I joined the Air Force about 17 years ago, but I grew up with dreams of becoming a Marine. I changed my mind because my Air Force recruiter was savvy. I told him when I sat down that I wanted to be a Marine, so he unexpectedly tossed me a 20mm shell he had on the bookshelf behind him, I caught it, and he said, “Yep, you’re qualified to be a Marine.”
I was 18, impressionable, and I’ve always been a sucker for a good joke.
I scored well on the ASVAB, and the military was just what an ignorant teenager like me needed. It was a reason to stay in shape, a way to meet girls, and my service was little more than a glorified vacation to Osan, South Korea and Spangdahlem, Deutschland.
I wanted to be a Marine because my cousin was the coolest when I was growing up. He was 11 years older than me. When I was seven, my cousin had a crossbow, a punching bag, and Duck Hunt. I wanted to be just like the guy.
He became a Marine after he graduated high school. His dad was also a Marine, and someone I have always looked up to. My estranged father was a Marine. My Marine brother won an episode of the Price is Right in his dress blues .
I, instead, became a Munitions Systems Journeyman in the “Chair Force” and I feel like I experienced too much air conditioning to accept the same ‘Happy Veteran’s Day’ as true American warriors.
I was able to immerse myself in some other cultures, and I can’t help but feel like I got more out of it than the Air Force did.
I appreciate it, please don’t misunderstand, but it’s hard for me to accept the same recognition as guys like Army Ranger veteran Terry Whaley, of Tuttle, who was kind enough to visit with me for a story Monday. A Desert Storm vet who served in the 35th Cavalry, he became an elite soldier so he could personally see to the future of this great nation.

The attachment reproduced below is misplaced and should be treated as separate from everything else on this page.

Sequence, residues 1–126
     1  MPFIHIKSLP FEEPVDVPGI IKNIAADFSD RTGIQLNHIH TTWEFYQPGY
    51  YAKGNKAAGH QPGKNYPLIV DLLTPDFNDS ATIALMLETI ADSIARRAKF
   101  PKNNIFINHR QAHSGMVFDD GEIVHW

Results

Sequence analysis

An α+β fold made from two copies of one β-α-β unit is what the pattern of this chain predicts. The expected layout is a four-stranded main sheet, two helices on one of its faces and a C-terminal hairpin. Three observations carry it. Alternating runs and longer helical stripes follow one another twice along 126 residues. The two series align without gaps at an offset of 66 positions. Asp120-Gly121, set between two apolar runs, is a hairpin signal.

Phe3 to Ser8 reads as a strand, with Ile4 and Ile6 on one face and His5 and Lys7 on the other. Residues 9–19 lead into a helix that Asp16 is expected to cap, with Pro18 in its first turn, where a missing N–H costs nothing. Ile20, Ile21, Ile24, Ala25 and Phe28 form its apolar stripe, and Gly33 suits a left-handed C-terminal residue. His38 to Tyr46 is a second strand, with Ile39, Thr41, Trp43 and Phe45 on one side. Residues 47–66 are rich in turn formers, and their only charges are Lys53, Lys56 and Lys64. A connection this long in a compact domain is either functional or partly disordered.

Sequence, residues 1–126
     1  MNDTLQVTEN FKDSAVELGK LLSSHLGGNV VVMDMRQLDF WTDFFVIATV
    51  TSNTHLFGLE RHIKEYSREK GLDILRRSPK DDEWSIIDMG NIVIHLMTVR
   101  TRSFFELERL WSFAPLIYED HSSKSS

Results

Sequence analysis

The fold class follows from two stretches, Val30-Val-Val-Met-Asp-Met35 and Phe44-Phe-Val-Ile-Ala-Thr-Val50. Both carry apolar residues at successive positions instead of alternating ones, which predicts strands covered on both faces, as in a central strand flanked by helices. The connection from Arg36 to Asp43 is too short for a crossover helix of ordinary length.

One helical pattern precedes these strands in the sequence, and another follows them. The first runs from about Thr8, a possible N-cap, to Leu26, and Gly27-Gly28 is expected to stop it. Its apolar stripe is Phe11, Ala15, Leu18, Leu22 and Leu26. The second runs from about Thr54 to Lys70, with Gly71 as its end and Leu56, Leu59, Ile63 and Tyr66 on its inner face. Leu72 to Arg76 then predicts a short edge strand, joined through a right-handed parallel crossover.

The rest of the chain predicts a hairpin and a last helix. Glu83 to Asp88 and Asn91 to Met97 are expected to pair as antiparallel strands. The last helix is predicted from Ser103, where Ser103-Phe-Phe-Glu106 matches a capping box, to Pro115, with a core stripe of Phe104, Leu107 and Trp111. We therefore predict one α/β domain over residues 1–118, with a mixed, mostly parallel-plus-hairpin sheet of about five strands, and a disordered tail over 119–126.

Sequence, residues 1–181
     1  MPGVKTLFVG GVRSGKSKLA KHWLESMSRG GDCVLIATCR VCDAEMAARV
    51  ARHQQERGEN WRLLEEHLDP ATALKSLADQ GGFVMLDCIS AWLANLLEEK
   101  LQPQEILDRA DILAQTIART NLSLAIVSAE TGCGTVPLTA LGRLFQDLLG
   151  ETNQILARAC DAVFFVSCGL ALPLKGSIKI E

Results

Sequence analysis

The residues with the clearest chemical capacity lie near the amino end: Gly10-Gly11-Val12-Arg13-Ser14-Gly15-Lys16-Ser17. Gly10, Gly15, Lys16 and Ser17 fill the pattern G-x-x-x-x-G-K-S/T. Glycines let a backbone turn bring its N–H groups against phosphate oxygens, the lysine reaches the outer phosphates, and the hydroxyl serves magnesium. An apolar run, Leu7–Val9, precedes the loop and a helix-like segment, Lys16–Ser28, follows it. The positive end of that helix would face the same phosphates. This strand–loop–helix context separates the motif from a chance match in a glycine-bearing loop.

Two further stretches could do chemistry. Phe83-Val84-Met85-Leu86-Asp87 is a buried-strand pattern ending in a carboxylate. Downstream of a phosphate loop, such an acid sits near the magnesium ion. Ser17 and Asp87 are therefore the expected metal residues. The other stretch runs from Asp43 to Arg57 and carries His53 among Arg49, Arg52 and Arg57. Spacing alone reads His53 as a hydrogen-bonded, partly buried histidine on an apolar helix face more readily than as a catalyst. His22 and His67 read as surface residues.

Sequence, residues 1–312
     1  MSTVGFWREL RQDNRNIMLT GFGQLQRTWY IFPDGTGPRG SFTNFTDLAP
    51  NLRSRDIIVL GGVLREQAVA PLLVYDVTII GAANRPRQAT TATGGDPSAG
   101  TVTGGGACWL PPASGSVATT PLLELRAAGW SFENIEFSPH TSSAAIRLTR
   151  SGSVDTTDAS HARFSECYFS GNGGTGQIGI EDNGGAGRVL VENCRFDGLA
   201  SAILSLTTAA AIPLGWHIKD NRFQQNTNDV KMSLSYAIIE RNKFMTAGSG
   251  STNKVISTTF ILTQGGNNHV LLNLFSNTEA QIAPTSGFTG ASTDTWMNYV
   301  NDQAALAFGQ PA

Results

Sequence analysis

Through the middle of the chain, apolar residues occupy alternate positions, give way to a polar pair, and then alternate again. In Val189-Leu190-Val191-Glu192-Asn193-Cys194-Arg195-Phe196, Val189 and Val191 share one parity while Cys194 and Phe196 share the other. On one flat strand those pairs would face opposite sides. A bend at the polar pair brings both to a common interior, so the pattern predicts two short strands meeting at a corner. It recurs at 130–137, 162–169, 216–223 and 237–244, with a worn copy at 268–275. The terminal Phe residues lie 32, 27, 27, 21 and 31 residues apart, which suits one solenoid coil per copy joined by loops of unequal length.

Enlisting his senior year of college, Whaley was already in shape from playing football at Cameron University, so he took on Special Forces training.
He said Monday, “When I went to Ranger School, that was the hardest 17 weeks of my life. When we got there and weighed in, I probably weighed about 227 pounds. Seventeen weeks later, they flew us back to Germany and I weighed 152. You just didn’t get much sleep. The last 14 weeks is on-mission, so you’re sleeping about two hours a night. Maybe you could stop and get a 45-minute cat nap some days. We only got one MRE a day, and you had to find it.”
U.S. Special Forces include the Army Rangers, Navy SEALs, Air Force Combat Controllers, Marine Raiders, and many others. SF troops complete many forms of intense, intimidating training programs to keep themselves and their fellow soldiers alive in the field.
Like Ranger School, SERE School is one of those programs. SERE stands for Survival, Evasion, Rescue, and Escape. My cousin was a SERE Instructor, so I love to talk to guys who have been. Mr. Whaley was gracious enough to share his SERE training experience with me Monday.
“You would have to find water, but even when you find it, you have to make decisions though. Your ruck is 100 pounds. You don’t want it to be much over that, because you don’t know how long you’re going to travel, and you still have to carry your weapon. Do you carry cold-weather clothing? Nope. You get rid of all that. It’s freezing, but you’re going to have to learn what is most important for you to travel with. You have to have water and you have to have ammo. Everything else you pretty much have to do away with.”
SERE School tests a service member’s mentality to its breaking point.
“SERE school plays with your mind,” Whaley said. “After a while, you’re up so much, the sleep deprivation creates points there where you start to wonder if you’re still at SERE school. You start to think ‘This is real. Am I still at SERE school or has something happened? You have to watch out, because you don’t want to actually kill somebody, but you’re really close to it. Real close. It’s all a mind trip.”
Special Forces training does not leave room for the weak.
“The whiners get cut out, and quick,” Whaley said. “I got it in my mind that I was going to make it no matter what. If they found me and I was frozen stiff at the end, then that’s what I was going to do.”
My training? I spent eight weeks in a classroom, then learned to drive a forklift.
One of those stories is better thanthe other, objectively.
I want to thank my cousin Chuck, Mr. Whaley, and all the other combat veterans past, present, and future.
From the bottom of my heart, I thank each of you for risking your lives so that our nation is able to maintain some semblance of freedom, and so that servicemen like me could serve in such a safe capacity.
To the rest of my fellow veterans, I want to say thank you for your service as well. Although I insecurely diminish my own service, I value each of you for doing your part and I salute you all.